The Potential Of heterotis Niloticus (African Bony-Tongue) as Aquaculture Candidate in Ghana

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Two studies were conducted on the African bony-tongue (Heterotisniloticus) a non-traditional farmed species in Ghana. The first study was done to assess indigenous and culture knowledge of fish farmers from the Ashanti and Eastern regions of Ghana on this non-traditional fish species. Subsequently, a nutritional study was conducted to determine the effect of varying dietary protein levels on the growth and feed utilization of the bony-tongue. The indigenous and culture knowledge of farmers on the bony-tongue were assessed by administering structured questionnaires to ten farmers; five from the Ashanti Region and five from the Eastern Region of Ghana. There is a growing interest of fish farmers for the culture of the bony-tongue. Therefore, there is the need for research to be conducted on this farmed fish species to enable research findings to be extended to farmers to enhance efficient farming of the bony tongue. The nutritional study evaluated the effect of four is oenergeticdiets with varying crude protein (CP) levels of 26.2%, 32.1%, 34.6% and 42.8% on growth; feed utilization and whole-body proximate composition of bony-tongue juveniles. Juveniles (initial weight: 32.65±0.03g) of the bony-tongue were stocked in rearing hapas (2x1m2) at5 fish per hapa. Each diet was assigned to triplicate groups of fish in a completely randomized block design and the experiment lasted for ten weeks. An increasing growth trend and better feed utilization was observed as dietary protein levels increased from 26.2% to 42.8%. Fish fed 42.8% protein diet had the best growth performance and nutrient utilization, with a mean weight gain of 202.30±19.6%, feed conversion ratio of 1.20±0.15 and protein efficiency ratio of 1.66±0.2, however this was not significantly different from values of fish fed 32.1% and 34.6% dietary protein. Significantly lower values were recorded for fish fed 26.2% dietary protein. Whole- body nutrient composition of bony-tongue was not affected by the diets. The results of this study suggest that H.niloticus juveniles would grow best when fed diets containing at least 32.1% protein.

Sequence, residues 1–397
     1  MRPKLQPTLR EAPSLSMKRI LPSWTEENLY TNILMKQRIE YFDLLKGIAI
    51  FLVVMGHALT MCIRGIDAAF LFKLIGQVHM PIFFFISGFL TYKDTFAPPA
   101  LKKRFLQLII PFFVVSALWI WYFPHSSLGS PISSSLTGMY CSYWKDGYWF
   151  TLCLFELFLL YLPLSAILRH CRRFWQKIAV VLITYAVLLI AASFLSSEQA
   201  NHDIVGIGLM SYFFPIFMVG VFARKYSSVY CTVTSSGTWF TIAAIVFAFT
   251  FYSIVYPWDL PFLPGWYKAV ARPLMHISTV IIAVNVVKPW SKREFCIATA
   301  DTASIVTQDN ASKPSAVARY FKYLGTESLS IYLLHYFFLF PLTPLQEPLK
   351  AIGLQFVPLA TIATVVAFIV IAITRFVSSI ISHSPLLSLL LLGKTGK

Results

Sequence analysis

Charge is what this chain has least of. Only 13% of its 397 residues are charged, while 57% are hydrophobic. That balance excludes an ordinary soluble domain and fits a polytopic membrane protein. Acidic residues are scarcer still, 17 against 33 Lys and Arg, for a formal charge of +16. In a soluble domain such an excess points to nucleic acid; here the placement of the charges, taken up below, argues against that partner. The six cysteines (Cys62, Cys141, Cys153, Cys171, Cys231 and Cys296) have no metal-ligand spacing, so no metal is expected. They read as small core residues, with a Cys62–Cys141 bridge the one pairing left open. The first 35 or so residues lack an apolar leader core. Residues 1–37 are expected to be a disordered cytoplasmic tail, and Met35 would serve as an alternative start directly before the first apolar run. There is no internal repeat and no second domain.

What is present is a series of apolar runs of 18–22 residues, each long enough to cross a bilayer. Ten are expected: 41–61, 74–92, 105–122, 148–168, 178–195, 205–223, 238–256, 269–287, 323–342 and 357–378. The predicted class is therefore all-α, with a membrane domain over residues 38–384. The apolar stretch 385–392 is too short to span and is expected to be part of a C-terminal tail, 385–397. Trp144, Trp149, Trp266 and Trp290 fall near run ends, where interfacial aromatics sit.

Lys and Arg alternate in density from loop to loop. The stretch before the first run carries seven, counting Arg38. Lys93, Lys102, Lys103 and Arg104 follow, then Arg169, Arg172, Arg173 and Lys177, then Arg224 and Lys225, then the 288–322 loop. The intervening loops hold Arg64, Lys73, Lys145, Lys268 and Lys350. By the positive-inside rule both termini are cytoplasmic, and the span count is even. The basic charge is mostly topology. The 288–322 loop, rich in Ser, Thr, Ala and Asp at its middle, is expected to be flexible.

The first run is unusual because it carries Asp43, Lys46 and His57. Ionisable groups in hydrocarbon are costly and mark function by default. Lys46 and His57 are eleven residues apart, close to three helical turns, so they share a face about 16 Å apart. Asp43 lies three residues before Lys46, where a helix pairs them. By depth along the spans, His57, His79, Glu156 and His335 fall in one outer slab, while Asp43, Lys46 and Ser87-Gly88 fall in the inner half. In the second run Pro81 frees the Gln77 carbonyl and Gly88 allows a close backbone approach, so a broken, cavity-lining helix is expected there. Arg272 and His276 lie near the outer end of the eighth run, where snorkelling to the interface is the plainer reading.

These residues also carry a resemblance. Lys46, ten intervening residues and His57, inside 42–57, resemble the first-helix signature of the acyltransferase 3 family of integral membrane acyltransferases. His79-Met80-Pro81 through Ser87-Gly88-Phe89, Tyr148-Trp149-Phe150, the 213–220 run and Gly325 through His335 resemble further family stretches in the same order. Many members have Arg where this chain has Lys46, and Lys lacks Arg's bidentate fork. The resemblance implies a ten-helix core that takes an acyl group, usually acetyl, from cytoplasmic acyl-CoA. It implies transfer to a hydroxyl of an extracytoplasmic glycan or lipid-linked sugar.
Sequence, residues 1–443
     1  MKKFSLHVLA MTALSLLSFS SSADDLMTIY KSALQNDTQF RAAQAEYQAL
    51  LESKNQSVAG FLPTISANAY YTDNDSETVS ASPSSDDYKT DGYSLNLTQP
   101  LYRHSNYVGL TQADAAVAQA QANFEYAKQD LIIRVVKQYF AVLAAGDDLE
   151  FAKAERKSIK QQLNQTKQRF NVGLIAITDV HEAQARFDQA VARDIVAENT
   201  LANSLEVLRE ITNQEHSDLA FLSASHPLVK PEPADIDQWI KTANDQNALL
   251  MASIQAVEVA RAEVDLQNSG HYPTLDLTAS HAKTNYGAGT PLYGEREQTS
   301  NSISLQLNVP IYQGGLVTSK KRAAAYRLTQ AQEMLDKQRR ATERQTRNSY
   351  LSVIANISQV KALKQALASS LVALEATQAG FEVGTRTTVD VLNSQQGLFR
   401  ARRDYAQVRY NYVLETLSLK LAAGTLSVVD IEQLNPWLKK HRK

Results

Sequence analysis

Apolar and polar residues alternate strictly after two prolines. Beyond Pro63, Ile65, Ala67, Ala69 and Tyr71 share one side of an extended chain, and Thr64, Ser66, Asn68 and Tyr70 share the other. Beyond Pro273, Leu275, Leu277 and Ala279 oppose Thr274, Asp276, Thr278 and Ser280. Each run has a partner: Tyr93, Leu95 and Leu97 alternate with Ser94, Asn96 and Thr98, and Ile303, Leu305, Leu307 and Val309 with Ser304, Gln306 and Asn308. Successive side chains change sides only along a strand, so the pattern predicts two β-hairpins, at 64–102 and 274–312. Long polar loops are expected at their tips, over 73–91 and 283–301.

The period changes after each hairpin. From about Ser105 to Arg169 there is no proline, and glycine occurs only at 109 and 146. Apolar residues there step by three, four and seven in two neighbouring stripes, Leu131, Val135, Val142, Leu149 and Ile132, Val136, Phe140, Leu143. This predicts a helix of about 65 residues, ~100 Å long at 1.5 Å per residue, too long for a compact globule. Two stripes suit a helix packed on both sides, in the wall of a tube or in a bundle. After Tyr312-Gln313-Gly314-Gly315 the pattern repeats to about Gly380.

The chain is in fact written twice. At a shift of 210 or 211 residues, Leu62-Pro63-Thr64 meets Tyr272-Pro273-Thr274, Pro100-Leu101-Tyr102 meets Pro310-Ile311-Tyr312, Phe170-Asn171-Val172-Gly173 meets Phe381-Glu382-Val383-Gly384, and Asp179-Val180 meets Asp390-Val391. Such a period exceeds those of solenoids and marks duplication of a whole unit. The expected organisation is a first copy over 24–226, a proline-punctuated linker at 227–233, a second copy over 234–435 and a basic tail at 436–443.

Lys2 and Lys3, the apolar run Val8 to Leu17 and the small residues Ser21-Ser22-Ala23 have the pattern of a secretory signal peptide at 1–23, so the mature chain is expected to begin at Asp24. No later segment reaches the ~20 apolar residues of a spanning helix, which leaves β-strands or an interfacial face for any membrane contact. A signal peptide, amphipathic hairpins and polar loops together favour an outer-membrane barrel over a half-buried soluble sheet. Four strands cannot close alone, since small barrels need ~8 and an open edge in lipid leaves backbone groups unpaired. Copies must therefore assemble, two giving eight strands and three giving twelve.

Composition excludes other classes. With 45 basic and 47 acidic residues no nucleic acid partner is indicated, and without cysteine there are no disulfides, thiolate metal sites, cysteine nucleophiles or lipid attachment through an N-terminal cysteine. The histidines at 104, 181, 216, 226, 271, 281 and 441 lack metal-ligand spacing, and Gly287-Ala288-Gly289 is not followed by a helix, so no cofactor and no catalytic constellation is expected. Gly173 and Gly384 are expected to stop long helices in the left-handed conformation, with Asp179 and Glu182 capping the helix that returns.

Thesis Submitted to the Department of Fisheries and Watershed Management in Partial Fulfillment of the Requirements for the Degree of MASTER OF PHILOSOPHY